Budd also stressed that the EITC and OSTC programs provide savings to taxpayers. Catholic school tuition costs $2,000 to $4,000 for elementary school students and $6,000 to $8,000 for high school students. But it costs at least $15,000 to fund a public high school student, Budd said.
"We're doing it for half of that," Budd said. "When a kid leaves one of our schools because the funding is not there to augment their parents' income, it's costing the taxpayer even more money to educate them now."
Donors to the EITC program can require their contributions be used for specific schools or provide other requirements. The OSTC contributions benefit students living in within the boundaries of low-performing schools.
Many of these donations are funneled through qualified scholarship organizations.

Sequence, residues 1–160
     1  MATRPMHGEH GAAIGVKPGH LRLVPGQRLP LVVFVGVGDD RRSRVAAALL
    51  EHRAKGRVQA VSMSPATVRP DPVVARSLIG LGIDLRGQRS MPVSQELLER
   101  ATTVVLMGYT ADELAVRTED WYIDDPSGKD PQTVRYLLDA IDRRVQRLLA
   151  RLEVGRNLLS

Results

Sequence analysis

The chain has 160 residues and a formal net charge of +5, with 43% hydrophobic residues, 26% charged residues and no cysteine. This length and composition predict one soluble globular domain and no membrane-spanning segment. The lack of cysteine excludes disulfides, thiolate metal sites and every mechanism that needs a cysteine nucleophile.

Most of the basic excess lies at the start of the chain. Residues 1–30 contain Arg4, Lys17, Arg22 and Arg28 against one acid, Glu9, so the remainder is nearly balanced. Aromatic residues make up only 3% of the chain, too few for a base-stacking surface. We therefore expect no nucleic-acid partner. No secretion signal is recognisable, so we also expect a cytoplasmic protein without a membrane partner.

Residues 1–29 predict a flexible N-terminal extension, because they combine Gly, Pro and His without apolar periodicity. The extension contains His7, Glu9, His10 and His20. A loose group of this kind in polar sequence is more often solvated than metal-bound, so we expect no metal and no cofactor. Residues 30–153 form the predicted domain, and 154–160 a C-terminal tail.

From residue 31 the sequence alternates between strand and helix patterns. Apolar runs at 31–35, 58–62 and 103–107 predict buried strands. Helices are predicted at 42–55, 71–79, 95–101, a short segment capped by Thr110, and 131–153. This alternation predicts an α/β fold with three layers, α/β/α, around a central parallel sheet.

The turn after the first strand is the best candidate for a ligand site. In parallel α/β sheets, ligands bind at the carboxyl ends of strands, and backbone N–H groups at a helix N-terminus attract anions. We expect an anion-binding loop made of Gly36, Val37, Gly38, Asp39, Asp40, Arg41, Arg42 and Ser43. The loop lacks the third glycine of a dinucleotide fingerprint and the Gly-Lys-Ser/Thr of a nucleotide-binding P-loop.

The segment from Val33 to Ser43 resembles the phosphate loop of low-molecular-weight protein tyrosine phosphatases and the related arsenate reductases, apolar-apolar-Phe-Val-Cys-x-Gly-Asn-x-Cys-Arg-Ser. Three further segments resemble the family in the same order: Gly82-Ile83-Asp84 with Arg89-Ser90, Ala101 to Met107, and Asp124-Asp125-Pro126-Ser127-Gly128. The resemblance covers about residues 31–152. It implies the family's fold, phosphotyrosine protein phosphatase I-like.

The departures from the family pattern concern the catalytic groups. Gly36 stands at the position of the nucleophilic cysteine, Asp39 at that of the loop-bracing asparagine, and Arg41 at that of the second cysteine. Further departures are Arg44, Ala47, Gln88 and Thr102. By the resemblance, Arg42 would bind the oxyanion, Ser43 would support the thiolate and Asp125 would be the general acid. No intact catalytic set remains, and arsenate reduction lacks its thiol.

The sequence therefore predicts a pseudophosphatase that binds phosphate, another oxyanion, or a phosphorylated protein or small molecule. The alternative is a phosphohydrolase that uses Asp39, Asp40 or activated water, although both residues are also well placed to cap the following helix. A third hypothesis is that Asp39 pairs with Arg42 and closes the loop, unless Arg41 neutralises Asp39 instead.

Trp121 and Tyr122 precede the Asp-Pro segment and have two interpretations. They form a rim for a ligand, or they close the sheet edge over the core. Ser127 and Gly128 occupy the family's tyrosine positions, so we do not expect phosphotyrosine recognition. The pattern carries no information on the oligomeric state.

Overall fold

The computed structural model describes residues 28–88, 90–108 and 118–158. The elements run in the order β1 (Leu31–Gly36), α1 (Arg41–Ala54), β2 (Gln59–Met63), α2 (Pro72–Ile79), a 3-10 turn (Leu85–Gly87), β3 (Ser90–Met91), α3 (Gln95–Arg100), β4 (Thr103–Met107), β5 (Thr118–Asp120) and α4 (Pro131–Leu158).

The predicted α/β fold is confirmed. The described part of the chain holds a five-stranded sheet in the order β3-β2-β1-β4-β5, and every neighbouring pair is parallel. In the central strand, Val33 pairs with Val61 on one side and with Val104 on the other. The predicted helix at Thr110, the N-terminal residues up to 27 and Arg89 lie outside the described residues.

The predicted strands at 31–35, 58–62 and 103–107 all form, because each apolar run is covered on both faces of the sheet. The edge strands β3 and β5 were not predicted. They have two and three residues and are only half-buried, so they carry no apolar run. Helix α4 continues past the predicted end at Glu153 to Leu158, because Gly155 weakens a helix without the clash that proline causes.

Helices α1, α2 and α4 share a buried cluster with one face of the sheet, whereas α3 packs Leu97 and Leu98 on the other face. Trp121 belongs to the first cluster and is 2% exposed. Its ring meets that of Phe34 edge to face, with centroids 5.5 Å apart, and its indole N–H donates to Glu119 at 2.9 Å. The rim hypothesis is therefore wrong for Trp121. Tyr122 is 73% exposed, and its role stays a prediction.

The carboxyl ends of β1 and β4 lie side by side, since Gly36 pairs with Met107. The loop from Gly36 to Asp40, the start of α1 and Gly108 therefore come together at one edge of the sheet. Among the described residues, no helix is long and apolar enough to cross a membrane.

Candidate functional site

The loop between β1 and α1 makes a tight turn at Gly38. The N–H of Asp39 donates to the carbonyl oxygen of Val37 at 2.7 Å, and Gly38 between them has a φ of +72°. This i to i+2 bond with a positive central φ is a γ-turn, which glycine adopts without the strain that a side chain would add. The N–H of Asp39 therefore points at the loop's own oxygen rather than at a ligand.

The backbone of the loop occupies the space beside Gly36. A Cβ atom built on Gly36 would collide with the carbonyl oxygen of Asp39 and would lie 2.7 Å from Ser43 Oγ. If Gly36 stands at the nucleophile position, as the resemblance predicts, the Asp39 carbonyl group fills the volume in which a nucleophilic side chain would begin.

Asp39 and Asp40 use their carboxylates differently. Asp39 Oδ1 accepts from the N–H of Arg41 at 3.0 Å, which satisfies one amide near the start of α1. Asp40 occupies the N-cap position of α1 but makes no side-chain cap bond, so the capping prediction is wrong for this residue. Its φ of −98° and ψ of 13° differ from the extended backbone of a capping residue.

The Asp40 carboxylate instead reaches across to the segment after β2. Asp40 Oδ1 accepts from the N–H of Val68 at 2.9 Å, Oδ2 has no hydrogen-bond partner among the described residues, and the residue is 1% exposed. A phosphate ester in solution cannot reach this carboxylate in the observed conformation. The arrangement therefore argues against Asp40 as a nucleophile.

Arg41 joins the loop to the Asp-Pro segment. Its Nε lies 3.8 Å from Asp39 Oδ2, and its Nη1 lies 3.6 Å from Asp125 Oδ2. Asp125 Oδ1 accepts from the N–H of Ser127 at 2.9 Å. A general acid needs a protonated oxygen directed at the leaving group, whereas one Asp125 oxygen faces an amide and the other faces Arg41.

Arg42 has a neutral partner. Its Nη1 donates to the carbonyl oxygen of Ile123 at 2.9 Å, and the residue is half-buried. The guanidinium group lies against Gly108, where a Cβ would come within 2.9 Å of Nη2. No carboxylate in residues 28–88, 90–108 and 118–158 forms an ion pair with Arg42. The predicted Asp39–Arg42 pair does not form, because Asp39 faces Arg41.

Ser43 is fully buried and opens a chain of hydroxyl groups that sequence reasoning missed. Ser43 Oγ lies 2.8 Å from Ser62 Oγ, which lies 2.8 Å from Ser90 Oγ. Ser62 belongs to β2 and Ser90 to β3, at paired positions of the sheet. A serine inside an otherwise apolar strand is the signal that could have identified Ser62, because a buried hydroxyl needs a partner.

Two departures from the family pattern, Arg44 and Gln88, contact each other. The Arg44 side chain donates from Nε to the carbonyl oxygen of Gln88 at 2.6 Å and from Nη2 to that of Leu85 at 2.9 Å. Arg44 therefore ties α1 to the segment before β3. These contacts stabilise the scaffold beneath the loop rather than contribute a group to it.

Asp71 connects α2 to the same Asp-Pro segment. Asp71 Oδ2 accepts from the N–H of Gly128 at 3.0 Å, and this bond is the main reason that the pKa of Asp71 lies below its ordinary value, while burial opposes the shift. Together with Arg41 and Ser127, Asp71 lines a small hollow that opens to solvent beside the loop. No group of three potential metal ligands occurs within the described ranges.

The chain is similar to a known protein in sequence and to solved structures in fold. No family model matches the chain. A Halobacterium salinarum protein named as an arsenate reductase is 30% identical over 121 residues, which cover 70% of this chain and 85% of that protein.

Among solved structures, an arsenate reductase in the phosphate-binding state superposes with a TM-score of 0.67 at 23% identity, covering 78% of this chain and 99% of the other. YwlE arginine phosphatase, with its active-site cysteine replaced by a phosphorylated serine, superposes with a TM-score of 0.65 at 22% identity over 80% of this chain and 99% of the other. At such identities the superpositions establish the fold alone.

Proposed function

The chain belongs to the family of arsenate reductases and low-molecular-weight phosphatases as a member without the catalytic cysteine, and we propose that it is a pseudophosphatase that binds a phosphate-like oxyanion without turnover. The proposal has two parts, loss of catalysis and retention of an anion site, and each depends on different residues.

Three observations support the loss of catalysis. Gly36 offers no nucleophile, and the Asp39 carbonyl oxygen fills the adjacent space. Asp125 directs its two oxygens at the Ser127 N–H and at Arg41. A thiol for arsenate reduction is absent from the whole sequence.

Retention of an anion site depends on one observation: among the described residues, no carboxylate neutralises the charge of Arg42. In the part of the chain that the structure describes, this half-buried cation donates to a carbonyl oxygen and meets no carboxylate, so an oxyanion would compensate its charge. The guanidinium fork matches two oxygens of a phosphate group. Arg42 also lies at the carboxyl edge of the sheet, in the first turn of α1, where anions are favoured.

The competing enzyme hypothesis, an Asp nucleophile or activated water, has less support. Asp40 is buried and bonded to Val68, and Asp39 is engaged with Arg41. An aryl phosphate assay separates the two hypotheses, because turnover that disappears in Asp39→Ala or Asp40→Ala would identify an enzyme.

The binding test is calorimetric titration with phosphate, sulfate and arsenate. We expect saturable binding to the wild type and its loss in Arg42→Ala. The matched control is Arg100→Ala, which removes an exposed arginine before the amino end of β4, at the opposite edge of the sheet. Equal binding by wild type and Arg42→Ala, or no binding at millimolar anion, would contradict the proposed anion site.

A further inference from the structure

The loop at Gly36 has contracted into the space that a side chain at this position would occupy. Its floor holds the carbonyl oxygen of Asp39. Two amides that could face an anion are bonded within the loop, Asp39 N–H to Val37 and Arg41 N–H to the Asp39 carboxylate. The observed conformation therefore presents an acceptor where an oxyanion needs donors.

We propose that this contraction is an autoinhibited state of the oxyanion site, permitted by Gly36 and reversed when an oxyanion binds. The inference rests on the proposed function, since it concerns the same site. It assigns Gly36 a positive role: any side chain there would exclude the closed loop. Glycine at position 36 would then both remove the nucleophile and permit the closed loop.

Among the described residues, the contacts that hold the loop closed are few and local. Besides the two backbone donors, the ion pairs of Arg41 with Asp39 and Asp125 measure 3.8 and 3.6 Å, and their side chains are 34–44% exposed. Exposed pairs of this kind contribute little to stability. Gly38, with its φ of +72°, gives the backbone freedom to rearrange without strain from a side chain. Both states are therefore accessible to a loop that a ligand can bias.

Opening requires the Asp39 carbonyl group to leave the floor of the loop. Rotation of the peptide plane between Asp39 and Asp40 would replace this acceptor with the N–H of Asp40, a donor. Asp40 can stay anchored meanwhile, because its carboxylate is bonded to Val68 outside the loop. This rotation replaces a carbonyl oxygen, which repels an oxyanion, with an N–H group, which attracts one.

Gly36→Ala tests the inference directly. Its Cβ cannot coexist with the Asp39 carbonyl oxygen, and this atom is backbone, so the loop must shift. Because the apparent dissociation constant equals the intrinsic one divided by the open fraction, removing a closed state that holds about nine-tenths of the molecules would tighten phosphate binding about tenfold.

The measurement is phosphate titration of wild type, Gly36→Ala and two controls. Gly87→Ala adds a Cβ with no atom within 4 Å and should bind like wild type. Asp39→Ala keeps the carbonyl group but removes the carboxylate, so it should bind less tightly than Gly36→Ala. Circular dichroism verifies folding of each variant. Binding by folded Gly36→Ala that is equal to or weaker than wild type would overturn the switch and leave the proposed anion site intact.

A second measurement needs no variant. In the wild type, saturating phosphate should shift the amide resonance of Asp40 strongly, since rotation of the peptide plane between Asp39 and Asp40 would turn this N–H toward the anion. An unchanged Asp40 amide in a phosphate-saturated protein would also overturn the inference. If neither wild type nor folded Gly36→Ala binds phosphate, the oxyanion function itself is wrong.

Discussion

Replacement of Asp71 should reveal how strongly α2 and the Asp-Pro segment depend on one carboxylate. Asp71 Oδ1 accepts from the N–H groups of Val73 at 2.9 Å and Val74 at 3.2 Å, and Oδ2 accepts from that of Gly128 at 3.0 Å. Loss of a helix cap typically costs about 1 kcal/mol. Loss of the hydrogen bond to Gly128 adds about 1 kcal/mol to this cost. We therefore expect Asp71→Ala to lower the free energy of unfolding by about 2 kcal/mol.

Business Leadership Organized for Catholic Schools (BLOCS), the largest scholarship organization in Pennsylvania, is at risk of losing nearly $15 million in pledged funding for next year, executive director Bill O'Brien said. Such a loss would leave some 4,000 low-income students enrolled in archdiocese schools without critical funding.
Without BLOCS scholarships, which subsidize more than 40 percent of a student's tuition, O'Brien said many students would be forced back into underperforming public schools. BLOCS is preparing to rally outside Wolf's Philadelphia office Monday afternoon.
"I can't borrow like a school district," O'Brien said. "I can't go out and borrow ($15) million in hopes that these credits are going to come in. I have to wait for the cash to come in."